GOLDEN RATIO “Our department provides a studio culture, in that students get to know their professors.” Azizi Arrington-Bey can hardly remember a time she didn’t want to be an architect. “I was that kid who would always be playing with Legos or drawing something. My uncle worked at NASA as an architect, and he served as my mentor and inspiration, giving me books and so much of my library now is from him,” said Arrington-Bey, associate professor and coordinator of State’s interior architecture design program. “He never passed his licensing exams, though, so when I passed mine, I sent him a copy of my license. He still has it hanging up.” An Ohio native, Arrington-Bey joined Indiana State’s department of built environment in 2011. She teaches all of the interior architecture design program’s computer classes, construction and detailing, one studio for second-year students and two studios for fourth-year students. “With about 100 students, we’re a small program but a growing one. When I started, there were about 40 students, and I appreciate that we have stayed a small enough program to allow me, from a student’s second year on, to get to know them on a more personal basis,” she said.


NEWS BRIEFS Six Built Environment students participated in a design competition called New Builder’s by University of Cincinnati on February 21.

Andrew Payne and Jen Hale took 54 interior architecture design students and architectural engineering technology students to Chicago on March 15 to visit the Merchandise Mart and tour a 60-story building by Walsh Construction.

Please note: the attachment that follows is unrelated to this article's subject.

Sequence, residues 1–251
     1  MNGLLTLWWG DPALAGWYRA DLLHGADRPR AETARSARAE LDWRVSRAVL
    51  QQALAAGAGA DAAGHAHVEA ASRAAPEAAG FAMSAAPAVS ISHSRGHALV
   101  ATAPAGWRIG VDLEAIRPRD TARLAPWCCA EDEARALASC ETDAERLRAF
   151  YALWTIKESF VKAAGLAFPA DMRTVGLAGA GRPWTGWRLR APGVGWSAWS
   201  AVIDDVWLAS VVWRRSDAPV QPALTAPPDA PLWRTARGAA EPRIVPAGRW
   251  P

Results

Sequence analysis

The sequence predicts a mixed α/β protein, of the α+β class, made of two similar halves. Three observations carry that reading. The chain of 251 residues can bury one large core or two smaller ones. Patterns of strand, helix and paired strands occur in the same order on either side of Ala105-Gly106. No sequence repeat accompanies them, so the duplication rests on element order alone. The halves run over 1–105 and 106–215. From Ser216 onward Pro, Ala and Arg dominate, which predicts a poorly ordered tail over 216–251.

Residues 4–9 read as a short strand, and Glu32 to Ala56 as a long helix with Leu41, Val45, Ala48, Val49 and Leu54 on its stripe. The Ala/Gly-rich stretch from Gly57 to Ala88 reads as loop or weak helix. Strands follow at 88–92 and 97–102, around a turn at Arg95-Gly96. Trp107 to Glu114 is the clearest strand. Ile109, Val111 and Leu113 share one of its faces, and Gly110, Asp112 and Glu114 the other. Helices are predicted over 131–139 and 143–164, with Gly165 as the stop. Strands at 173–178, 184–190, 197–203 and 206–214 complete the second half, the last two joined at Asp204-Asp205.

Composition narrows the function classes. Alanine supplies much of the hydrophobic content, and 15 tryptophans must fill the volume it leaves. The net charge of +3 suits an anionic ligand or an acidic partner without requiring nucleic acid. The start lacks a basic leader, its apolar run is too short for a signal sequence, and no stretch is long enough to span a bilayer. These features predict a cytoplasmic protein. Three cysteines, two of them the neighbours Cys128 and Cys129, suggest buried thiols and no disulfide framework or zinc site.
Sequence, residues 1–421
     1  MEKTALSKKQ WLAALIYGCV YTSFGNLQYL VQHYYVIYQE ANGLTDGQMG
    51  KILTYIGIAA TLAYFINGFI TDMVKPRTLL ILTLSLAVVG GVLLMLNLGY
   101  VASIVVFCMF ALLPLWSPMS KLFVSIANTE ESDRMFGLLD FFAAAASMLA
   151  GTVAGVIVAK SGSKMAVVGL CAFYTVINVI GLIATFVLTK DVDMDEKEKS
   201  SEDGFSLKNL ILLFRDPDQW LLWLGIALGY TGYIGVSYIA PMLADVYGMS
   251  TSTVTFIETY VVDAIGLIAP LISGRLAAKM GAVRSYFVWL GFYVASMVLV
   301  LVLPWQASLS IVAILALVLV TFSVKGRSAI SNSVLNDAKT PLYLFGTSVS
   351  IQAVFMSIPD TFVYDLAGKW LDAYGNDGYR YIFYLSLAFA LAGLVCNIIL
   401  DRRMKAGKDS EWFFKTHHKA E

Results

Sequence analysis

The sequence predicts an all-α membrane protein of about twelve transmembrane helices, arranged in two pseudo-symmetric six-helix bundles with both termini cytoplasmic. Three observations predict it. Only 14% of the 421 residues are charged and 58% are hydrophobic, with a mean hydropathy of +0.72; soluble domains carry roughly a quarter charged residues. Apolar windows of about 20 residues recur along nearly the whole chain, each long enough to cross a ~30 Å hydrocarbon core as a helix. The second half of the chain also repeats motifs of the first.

Dr. Boris Blyukher conducted a three-day presentation at Purdue University on “Fundamentals of Occupational and System Safety (Preparation for Safety Professional Certification Exam)” for U.S. specialists from industry, government agencies, military, and universities.

Interior architecture design projects on sustainability were displayed April 1619 in the atrium as part of the campus’ Earth Day celebration.




“INDIANA STATE… APPEALED TO ME BECAUSE I WAS LOOKING FOR A MORE ENGAGING LEARNING EXPERIENCE.” Ben Bequette, ’20 Major: Computer engineering technology, minors in automation and control engineering technology and electrical engineering technology Dream job: Automation or robotics

Ben Bequette of Edwardsville, Illinois, gained a lot of experience as a research assistant to Dr. Jared Wuerzburger. They worked on a project making distance learning more practical and cost effective by adding element of virtual reality. “Indiana State’s small class sizes appealed to me because I was looking for a more engaging learning experience in which I could interact with the instructors to better understand the material. My campus experiences have prepared me for my professional career by providing me with leadership experience. Being a part of my organization have also helped me to better my communication skills, which will be essential in the workforce.”



ELECTRIFYING THE EXPERIENCE “As a graduate assistant in the program, I realized I really enjoyed time with students and being able to share learning experiences and moments with them.”